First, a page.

Getting into law school is a piece of cake.
Getting into a good law school – good being defined as whatever the popular law school rankings consider good this week – is not such a big deal either. That's what my book, Covert Tactics for Getting Into the Law School of Your Choice is all about. But getting into law school is just the first step in a very long road. Once you accept that offer of admission you have committed yourself to spend three years and, potentially, hundreds of thousands of dollars educating yourself so that you will be qualified to practice law. Of course, these costs do not even include the potential income you are sacrificing during your additional studies.
Then, unless you are one of the few competent law school students who manage to land a job with a big firm paying top dollar, you will likely be surprised to find yourself making less as a new lawyer than you would have been making if you ' d skipped law school and instead pursued that career in pharmaceutical sales.
That's ok, if you are willing to take the long view, because getting your first job after law school is just the next step in a very long road. Getting into law school is simply the first step along that road.
After you've worked that first job for a while, sometimes a few months or even a few years, you will start to see what you like and what you hate about practicing law. If you really hate what you are doing, start looking for something else right away.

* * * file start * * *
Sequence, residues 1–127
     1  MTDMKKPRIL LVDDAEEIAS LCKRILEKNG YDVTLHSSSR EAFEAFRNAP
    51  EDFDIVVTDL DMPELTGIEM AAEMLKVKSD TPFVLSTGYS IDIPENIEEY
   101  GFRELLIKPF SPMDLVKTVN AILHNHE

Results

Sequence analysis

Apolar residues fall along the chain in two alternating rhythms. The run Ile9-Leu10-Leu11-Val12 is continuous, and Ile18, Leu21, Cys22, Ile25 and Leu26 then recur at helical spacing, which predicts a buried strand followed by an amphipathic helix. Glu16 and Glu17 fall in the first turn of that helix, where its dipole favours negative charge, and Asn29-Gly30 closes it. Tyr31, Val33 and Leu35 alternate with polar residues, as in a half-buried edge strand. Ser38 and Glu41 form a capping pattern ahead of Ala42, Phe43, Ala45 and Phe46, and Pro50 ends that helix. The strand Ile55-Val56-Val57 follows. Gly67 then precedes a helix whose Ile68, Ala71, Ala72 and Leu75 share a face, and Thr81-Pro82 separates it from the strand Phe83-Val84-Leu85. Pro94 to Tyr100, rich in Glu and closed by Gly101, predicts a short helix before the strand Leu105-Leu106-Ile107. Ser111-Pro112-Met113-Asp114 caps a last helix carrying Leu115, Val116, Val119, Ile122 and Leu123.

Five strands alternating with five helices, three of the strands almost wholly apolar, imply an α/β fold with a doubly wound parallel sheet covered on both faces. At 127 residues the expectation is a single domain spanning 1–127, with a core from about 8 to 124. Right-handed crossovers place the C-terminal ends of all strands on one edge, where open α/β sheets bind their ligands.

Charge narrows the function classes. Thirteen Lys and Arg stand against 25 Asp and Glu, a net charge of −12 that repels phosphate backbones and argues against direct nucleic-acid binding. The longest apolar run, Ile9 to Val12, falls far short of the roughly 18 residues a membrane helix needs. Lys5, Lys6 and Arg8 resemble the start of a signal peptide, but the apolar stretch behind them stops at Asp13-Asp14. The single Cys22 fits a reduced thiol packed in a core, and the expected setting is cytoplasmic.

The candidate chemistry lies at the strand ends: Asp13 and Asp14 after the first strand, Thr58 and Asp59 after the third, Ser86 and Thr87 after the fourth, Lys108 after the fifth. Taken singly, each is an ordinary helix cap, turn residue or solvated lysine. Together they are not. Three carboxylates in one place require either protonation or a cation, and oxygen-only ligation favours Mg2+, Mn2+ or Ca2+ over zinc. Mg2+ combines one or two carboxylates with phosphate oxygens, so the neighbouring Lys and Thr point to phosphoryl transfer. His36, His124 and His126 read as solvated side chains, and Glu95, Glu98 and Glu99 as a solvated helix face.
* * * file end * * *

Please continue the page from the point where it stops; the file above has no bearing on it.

Practicing real estate law is very different from prosecuting criminals. Once you have too much experience in a narrow field it can become very difficult to switch gears. You will not feel comfortable doing something else and employers will not be interested in training you to do something entirely new, particularly if you are not willing to take new lawyer pay.
So the next step in the journey is migrating to where you want to be. If you have allowed yourself to become stuck in some narrow niche you may have to simply strike out on your own to do what you want. That's easier than you think, even if you do not have any experience – but I'll leave that for my next book.
If you are competent to have found an employer you like in a field of law you enjoy, then you should do everything possible to get a piece of the pie. In the law business we typically call this "making partner" – and that's the end of the road for our purposes here.
Once you make partner, either with another firm, a management position for a public agency, general counsel for a corporation, or by opening your own law practice, you're in control. It can take a few years, and it will not be as much fun as you might think, but you can get there.
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